Grain “Soybeans” Prices Soar Nearly 1% After USDA Releases Crop Condition Report

CANBERRA, July 27 (Reuters) – U.S. soybean futures rose nearly 1% on Tuesday to rebound from a two-week low touched in the previous session after the U.S. Department of Agriculture (USDA) reported that the condition of crops unexpectedly deteriorated last week.


The most active soybean futures on the Chicago Board Of Trade Sv1 were up 0.8% at $13.69 a bushel, as of 0056 GMT, after prices hit a July 12 low of $13.32 a bushel in the previous session.

The most active corn futures Cv1 were up 0.6% at $5.50-1/4 a bushel. Prices fell to a July 13 low of $5.32-1/4 a bushel on Monday but closed 0.7% higher.

The most active wheat futures Wv1 were up 0.4% at $6.79-3/4 a bushel, having closed 1% firmer on Monday.

The USDA said good-to-excellent ratings for corn fell by 1 percentage point to 64% in the week ended July 25, below market expectations.

The soybean crop was rated 58% good-to-excellent, down 2 percentage points from a week earlier, and behind market forecasts.

Spring wheat was rated 9% good-to-excellent, 2 percentage points lower than a week earlier, and 1 percentage point below the average of analysts’ forecasts.

Hot, dry weather in the U.S. Midwest had raised concerns about the outlook for crops in the key growing region for both corn and soybeans.

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Market Views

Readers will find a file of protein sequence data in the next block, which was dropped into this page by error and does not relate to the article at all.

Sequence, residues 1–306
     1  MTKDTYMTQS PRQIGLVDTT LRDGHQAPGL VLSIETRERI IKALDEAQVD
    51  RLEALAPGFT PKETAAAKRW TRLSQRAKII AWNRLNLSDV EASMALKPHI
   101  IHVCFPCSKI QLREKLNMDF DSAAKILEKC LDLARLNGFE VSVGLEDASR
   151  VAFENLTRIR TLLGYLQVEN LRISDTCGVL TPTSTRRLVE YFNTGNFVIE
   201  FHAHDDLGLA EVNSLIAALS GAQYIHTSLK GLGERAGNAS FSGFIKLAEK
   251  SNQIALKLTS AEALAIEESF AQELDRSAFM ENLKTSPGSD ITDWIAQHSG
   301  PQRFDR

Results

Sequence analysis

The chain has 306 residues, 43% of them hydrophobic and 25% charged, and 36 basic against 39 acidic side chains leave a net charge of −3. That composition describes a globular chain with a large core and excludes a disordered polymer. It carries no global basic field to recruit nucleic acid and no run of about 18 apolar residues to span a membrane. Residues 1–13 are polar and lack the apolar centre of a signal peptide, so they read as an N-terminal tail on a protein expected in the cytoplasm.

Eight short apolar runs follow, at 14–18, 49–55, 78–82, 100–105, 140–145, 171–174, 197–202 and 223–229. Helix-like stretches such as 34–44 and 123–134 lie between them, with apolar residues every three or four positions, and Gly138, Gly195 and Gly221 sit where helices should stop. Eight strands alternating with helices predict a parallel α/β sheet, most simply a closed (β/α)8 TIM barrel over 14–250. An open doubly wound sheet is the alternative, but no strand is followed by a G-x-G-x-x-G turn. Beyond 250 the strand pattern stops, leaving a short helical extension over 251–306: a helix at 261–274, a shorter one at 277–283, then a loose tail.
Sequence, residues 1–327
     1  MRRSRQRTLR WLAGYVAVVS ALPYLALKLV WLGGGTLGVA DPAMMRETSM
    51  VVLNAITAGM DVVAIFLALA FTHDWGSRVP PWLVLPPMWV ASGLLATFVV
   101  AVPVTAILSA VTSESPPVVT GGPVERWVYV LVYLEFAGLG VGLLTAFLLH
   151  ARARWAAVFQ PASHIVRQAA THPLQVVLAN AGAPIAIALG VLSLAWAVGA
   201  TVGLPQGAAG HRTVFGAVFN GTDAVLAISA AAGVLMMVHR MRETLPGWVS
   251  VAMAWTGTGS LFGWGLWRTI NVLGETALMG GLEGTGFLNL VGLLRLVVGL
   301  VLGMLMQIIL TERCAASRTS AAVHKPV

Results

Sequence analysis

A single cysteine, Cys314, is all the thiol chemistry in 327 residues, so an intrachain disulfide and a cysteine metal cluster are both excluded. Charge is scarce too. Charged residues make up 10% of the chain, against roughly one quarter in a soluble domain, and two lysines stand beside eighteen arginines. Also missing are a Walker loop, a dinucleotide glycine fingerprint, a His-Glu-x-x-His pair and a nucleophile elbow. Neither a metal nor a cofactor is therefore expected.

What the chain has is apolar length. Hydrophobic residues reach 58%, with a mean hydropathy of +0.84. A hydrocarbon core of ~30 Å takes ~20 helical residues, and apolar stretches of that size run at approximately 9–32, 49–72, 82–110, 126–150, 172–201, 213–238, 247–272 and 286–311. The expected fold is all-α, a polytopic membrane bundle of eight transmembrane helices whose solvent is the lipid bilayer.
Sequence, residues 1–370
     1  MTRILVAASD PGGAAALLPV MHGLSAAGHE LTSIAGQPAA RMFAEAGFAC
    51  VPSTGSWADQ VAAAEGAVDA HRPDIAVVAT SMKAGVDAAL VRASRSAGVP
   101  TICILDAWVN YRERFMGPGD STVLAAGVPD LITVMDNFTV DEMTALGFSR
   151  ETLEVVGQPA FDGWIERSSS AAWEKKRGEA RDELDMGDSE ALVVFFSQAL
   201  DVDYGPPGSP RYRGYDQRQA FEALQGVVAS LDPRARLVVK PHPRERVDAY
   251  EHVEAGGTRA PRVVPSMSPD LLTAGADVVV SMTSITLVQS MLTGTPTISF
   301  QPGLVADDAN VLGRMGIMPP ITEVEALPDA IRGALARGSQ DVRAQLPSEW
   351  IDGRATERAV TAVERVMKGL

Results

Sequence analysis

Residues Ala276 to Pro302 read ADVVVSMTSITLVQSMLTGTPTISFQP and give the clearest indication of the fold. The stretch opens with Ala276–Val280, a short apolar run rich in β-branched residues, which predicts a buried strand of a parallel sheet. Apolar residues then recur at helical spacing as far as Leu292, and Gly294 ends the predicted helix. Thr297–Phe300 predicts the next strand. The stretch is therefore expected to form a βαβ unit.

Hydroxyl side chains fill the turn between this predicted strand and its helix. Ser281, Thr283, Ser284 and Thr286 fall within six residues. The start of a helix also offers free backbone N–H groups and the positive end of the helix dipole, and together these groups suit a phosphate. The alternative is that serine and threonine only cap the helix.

The dollar edged lower on Monday against a basket of peer currencies as investors positioned themselves ahead of this week’s U.S. Federal Reserve policy meeting, while cryptocurrency prices rose to their highest in weeks. USD/

Oil prices steadied on Monday after a choppy session as the spread of the COVID-19 Delta variant stoked fears about fuel demand, but losses were limited by forecasts that crude supply will be tight the rest of the year. O/R

U.S. stocks touched record highs in choppy trade on Monday and the dollar weakened, as investors avoided making new, bold bets before this week’s Federal Reserve policy meeting, which might offer clues on the outlook for monetary policy.

(Reporting by Colin Packham, Editing by Sherry Jacob-Phillips)

(([email protected]; +61-2 9321 8161; Reuters Messaging: [email protected]))

The views and opinions expressed herein are the views and opinions of the author and do not necessarily reflect those of Nasdaq, Inc.

Source: Nasdaq

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